Unlike with SMB, simplicity is not necessarily a benefit to the enterprise since they need the flexibility to adapt to business process.  Infrastructure can therefore be a patchwork of systems serving different needs from high performance computing, data warehousing, data distribution, disaster recovery, etc. Solutions for these enterprise operations must be extensible and adaptable to the user process to meet the compliance and business needs of these organizations.

Enterprise organizations are usually big enough that they can tolerate different types of failures better than SMB, although as we have seen in recent news, even companies like Delta Airlines are not immune to near catastrophic failures.  Still, disk failures or server failures that could bring an SMB to a standstill might barely cause a ripple in a large enterprise given the size of their operations.

Summary

The SMB benefits from infrastructure simplicity because it helps eliminate a number of challenges and unplanned costs.  For the enterprise, the focus is more on flexibility, adaptability, and extensibility where business processes reign supreme. IT challenges can be more acute in the SMB simply because the budgets and resources are more limited in both headcount and expertise. Complex infrastructure designed for the enterprise is not always going to translate into effective or viable solutions for SMB. Solution providers need to be aware that the SMB may need more than just a scaled down version of an enterprise solution.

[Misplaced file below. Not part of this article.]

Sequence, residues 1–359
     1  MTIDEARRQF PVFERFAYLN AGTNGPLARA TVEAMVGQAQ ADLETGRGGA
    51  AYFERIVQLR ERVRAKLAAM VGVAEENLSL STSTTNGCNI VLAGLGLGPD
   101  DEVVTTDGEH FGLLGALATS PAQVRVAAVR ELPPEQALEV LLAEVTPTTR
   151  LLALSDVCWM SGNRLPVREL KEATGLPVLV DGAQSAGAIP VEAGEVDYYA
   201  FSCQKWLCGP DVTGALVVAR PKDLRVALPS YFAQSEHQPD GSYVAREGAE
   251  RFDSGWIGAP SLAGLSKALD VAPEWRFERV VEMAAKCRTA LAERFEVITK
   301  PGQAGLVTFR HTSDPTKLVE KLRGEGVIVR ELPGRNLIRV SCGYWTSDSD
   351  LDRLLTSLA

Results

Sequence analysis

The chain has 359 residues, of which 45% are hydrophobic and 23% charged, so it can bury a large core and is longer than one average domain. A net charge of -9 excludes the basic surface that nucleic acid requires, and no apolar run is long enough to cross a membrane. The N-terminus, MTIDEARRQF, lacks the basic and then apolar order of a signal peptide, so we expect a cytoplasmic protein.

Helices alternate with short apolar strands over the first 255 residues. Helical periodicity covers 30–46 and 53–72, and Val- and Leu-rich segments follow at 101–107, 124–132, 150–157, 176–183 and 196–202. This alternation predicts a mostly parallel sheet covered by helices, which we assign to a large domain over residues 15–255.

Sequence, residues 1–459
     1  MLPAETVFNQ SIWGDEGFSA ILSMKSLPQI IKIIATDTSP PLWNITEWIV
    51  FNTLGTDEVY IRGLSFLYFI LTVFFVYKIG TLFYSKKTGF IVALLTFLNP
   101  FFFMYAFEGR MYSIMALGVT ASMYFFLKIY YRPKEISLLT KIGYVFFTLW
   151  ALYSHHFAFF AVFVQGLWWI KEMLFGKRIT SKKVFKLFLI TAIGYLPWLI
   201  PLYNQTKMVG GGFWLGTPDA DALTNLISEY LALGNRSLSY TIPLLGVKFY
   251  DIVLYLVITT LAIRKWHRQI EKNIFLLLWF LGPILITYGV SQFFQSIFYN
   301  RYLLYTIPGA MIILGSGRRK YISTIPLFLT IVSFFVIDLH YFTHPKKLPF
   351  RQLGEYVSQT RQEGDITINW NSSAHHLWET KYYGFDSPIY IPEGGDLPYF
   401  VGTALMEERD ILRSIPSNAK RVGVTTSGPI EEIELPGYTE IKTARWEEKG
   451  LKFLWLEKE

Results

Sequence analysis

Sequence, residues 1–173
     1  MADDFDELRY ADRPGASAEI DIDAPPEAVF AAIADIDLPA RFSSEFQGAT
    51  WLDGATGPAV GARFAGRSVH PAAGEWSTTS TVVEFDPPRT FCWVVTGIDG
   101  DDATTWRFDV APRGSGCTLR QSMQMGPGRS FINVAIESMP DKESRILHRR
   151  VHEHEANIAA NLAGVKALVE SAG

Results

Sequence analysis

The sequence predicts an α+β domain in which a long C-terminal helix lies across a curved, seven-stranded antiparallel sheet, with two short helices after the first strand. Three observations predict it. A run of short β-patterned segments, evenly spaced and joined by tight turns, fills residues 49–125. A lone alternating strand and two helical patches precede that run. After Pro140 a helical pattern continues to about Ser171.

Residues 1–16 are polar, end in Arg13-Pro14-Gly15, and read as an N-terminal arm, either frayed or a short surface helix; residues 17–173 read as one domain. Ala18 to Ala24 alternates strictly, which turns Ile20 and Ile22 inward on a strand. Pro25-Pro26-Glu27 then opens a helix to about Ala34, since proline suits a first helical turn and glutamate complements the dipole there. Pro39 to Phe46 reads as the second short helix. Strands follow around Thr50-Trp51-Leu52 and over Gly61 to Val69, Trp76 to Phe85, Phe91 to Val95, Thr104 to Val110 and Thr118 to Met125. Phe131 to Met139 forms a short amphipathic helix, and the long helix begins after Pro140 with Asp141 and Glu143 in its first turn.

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Back to School – Infrastructure 101 – Part 2

I covered SAN technology in my last Infrastructure 101 post, so for today I’m going to cover server virtualization and maybe delve into containers and cloud.

Server virtualization as we know it now is based on hypervisor technology. A hypervisor is an operating system that allows sharing of physical computing resources such as networking, CPU, RAM, and storage among multiple virtual machines (sometimes called virtual servers). Virtual machines replaced traditional physical servers that each had their own physical chassis with storage, RAM, networking, and CPU. To understand the importance of hypervisors, let’s look at a bit of history.